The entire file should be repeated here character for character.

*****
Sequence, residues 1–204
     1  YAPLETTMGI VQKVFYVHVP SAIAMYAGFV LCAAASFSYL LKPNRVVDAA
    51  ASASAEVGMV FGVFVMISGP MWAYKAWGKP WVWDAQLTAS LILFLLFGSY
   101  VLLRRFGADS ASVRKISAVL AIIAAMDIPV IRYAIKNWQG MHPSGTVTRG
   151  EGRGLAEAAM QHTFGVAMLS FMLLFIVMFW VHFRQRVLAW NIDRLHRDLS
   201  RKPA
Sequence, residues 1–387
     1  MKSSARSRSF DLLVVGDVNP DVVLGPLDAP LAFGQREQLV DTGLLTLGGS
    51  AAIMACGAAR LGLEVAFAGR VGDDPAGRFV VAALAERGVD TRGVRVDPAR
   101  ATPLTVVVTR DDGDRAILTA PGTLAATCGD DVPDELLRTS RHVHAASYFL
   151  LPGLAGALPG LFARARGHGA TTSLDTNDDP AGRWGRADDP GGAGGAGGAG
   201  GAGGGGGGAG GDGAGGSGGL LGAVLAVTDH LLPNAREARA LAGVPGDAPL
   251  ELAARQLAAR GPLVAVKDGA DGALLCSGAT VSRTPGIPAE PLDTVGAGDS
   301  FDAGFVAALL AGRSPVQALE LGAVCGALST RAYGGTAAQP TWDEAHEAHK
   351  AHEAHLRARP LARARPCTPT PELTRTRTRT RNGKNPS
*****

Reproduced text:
Sequence, residues 1–204
     1  YAPLETTMGI VQKVFYVHVP SAIAMYAGFV LCAAASFSYL LKPNRVVDAA
    51  ASASAEVGMV FGVFVMISGP MWAYKAWGKP WVWDAQLTAS LILFLLFGSY
   101  VLLRRFGADS ASVRKISAVL AIIAAMDIPV IRYAIKNWQG MHPSGTVTRG
   151  EGRGLAEAAM QHTFGVAMLS FMLLFIVMFW VHFRQRVLAW NIDRLHRDLS
   201  RKPA
Sequence, residues 1–387
     1  MKSSARSRSF DLLVVGDVNP DVVLGPLDAP LAFGQREQLV DTGLLTLGGS
    51  AAIMACGAAR LGLEVAFAGR VGDDPAGRFV VAALAERGVD TRGVRVDPAR
   101  ATPLTVVVTR DDGDRAILTA PGTLAATCGD DVPDELLRTS RHVHAASYFL
   151  LPGLAGALPG LFARARGHGA TTSLDTNDDP AGRWGRADDP GGAGGAGGAG
   201  GAGGGGGGAG GDGAGGSGGL LGAVLAVTDH LLPNAREARA LAGVPGDAPL
   251  ELAARQLAAR GPLVAVKDGA DGALLCSGAT VSRTPGIPAE PLDTVGAGDS
   301  FDAGFVAALL AGRSPVQALE LGAVCGALST RAYGGTAAQP TWDEAHEAHK
   351  AHEAHLRARP LARARPCTPT PELTRTRTRT RNGKNPS